As a former Minnesotan, this story piqued my attention over the weekend. Police in Edina, which is one of the metropolitan suburbs of Minneapolis, were granted a warrant that permitted them to collect information on any of the city's residents who used specific search terms (on Google's search engine), all in the spirit of locating a thief who stole $28,500.

Why, exactly, did this happen? According to the Edina police:

The complicated investigation stems from the fact the Edina police believe someone used the victim's name, date of birth, social security number and a forged passport to illegally wire the money.

That fake passport included an incorrect photo only attainable by searching the victim's name in Google images. No other search engine allegedly reveals it.

Apart from this raising considerable concerns over privacy voilations for everyone who isn't the thief, Google is taking a stand as well. The broadness of probable cause definitions is at the heart of the controversy, as this kind of thing could set dangerous precedents moving forward. A lot of information is being demanded for residents associated with looking up the name:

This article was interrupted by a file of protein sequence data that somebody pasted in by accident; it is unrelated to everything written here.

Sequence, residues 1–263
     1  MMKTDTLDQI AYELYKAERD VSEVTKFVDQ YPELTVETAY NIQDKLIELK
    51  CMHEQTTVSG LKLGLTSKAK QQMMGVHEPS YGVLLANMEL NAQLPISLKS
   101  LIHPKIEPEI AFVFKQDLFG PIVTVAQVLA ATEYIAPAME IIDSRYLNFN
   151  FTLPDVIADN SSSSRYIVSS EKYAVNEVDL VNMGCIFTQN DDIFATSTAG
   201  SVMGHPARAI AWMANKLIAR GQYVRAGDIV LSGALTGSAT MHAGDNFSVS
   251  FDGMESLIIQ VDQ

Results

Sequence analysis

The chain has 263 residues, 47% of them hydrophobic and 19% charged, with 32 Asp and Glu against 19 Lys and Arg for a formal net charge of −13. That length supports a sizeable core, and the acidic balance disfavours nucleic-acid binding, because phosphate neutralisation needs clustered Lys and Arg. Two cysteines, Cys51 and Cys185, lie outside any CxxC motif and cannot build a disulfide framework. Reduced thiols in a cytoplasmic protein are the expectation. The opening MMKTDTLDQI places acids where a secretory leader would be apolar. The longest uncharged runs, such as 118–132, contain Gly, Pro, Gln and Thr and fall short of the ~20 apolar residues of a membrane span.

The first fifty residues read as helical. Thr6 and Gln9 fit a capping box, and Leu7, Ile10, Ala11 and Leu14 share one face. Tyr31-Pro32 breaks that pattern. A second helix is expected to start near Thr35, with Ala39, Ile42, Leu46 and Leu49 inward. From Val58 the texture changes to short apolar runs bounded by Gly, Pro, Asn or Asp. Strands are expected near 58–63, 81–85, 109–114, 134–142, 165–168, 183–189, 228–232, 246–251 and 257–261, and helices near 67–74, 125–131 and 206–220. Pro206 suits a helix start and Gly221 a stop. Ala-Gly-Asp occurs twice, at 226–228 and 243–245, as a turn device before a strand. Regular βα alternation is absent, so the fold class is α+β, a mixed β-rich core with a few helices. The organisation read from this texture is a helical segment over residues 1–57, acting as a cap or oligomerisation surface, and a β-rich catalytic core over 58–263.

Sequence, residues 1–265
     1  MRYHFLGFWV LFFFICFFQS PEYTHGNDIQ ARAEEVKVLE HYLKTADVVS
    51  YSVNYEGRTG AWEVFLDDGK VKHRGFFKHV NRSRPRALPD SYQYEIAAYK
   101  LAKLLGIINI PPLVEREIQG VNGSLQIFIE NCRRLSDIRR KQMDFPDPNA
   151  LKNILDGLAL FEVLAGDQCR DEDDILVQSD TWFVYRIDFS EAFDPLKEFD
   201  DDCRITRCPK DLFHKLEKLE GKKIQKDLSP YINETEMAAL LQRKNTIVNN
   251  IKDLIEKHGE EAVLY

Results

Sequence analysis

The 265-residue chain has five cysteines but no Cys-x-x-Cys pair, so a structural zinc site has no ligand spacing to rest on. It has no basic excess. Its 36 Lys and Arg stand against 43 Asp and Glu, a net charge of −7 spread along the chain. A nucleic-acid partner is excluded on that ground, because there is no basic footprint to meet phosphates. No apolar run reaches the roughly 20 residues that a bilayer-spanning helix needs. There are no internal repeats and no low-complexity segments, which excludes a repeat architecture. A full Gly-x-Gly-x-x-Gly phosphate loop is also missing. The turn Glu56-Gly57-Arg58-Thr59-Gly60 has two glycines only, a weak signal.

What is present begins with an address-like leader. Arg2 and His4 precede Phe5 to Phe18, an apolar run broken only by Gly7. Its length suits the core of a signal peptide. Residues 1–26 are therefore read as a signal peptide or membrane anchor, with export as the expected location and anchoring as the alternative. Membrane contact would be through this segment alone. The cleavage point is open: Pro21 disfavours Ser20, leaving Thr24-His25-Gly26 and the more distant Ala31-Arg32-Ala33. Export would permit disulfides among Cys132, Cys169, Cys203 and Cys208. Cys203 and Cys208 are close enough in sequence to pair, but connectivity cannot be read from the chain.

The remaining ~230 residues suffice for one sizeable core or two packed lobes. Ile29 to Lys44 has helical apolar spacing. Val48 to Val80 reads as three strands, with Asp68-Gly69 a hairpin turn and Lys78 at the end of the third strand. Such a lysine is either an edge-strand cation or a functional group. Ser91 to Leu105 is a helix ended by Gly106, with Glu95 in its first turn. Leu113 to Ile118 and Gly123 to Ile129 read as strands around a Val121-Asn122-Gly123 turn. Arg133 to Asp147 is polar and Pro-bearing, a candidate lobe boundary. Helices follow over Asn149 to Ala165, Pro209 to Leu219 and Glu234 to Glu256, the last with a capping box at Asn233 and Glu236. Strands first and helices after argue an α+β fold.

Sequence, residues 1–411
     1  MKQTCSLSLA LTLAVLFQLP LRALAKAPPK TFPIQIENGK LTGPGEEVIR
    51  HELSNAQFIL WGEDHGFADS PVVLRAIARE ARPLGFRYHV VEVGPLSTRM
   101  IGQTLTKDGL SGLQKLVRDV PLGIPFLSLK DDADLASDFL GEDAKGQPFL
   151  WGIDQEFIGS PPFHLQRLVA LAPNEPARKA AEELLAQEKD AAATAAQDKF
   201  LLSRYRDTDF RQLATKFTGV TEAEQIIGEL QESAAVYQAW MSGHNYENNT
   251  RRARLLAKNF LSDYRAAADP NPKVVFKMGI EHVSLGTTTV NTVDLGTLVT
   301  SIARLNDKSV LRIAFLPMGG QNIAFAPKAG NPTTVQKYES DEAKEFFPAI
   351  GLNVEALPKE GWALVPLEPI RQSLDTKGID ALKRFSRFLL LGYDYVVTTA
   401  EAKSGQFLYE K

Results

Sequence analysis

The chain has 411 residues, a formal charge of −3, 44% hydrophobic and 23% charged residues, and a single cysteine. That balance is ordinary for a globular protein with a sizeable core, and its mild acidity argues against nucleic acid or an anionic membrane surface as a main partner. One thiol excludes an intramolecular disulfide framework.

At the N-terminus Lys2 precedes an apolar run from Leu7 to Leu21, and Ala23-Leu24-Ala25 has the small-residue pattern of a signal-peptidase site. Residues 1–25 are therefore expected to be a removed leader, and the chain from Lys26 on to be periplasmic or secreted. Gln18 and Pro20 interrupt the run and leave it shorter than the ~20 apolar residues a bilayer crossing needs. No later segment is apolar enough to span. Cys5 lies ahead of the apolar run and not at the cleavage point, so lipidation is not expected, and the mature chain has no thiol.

In addition to basic contact information for people targeted by the warrant, Google is being asked to provide Edina police with their Social Security numbers, account and payment information, and IP (internet protocol) and MAC (media access control) addresses.

A spokesperson for Google, which received the warrant, said Friday: “We will continue to object to this overreaching request for user data, and if needed, will fight it in court. We always push back when we receive excessively broad requests for data about our users.”